I have a confession to make. I’m dependent on my 1 large glass of wine every day. Do you have a habit you want to break? I thought this process I’ve started to break my habit may help you too.
My Bad Habit
In past years, I loved my fruity vodka cocktails. Pear martinis and lemon drops (links are to my cocktail recipes) were my drinks of choice. My friends knew that if they came over, they’d get to enjoy one of my delicious vodka drinks that were restaurant-quality!
But when I realized how much sugar went into these fruity drinks, I scaled back and switched to white wine. Although wine also has sugar, it was less than in my mixer drinks. I also found the wine to be much lighter in taste and took longer to drink. Eventually, I switched over to white wine completely. My favorite wine is a glass of Santa Margherita Pinot Grigio. Yum!
So for the last 2 years or so, Pinot Grigios and Sauvignon Blancs have been my drinks of choice. But after gaining 10lbs this year, I realized I need to make some serious changes to my alcohol consumption.
I was in denial for a while that the wine is the culprit of my inability to shed my excess weight. I mean, each glass of wine is only 125 calories… how bad can that be?
But my diet is very healthy and I am back to running 6 miles, every other day. When I met my friend for a run this weekend and complained about my weight not budging despite my efforts, she asked, “What about the wine?”
I came home and found in a google search that 1 serving of wine = 5 ounces. That’s a very small glass of wine, which means I’ve been consuming a minimum of a glass and a half every day = at least 200 calories of sugar.
There are debates over whether alcohol is good or bad for our health. For me, it’s more of a calorie issue as well as not liking the feeling of being dependent on something. I don’t have physical issues like waking up with headaches etc. but I do have anxiety which I buffer with alcohol – I know, I know, it’s longer-term work I’ll need to address.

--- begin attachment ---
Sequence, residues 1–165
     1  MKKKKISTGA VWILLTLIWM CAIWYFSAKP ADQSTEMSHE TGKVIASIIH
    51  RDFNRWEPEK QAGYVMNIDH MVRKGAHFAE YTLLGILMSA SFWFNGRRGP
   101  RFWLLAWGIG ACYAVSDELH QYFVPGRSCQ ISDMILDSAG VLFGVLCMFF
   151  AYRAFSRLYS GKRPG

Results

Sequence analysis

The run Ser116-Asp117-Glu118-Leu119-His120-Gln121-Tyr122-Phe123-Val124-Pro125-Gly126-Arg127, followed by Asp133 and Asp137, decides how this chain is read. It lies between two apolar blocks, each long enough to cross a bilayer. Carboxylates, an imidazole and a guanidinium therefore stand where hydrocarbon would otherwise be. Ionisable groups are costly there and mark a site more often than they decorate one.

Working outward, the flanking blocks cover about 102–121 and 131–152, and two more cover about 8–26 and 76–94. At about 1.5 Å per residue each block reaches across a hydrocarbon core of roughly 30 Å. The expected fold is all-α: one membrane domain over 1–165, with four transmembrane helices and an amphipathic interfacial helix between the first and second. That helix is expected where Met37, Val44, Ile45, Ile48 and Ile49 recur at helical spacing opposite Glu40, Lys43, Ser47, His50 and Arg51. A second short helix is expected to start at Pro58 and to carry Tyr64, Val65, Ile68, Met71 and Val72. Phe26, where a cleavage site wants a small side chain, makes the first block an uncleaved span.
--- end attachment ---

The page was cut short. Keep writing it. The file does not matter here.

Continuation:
Do you enjoy a glass (or 2) of wine every day that you’d like to cut down? Or do you have another habit you’d like to break like needing dessert every night, smoking, etc? If so, read on.
The framework of a habit
I read in an article by the author of Habits Academy, James Clear, that every habit has these four stages which are necessary to form and keep a habit.
This four-step pattern is the backbone of every habit, and your brain runs through these steps in the same order each time.
The cue triggers your brain to initiate a behavior. It is a bit of information that predicts a reward.
Cravings are the motivational force behind every habit. What you crave is not the habit itself but the change in state it delivers. The thoughts, feelings, and emotions of the observer are what transform a cue into a craving.
The response is the actual habit you perform, which can take the form of a thought or an action. The response delivers a reward.
Rewards are the end goal of every habit.
The cue is about noticing the reward. The craving is about wanting the reward. The response is about obtaining the reward. Rewards teach us which actions are worth remembering in the future and complete the habit cycles, which will start again when cued.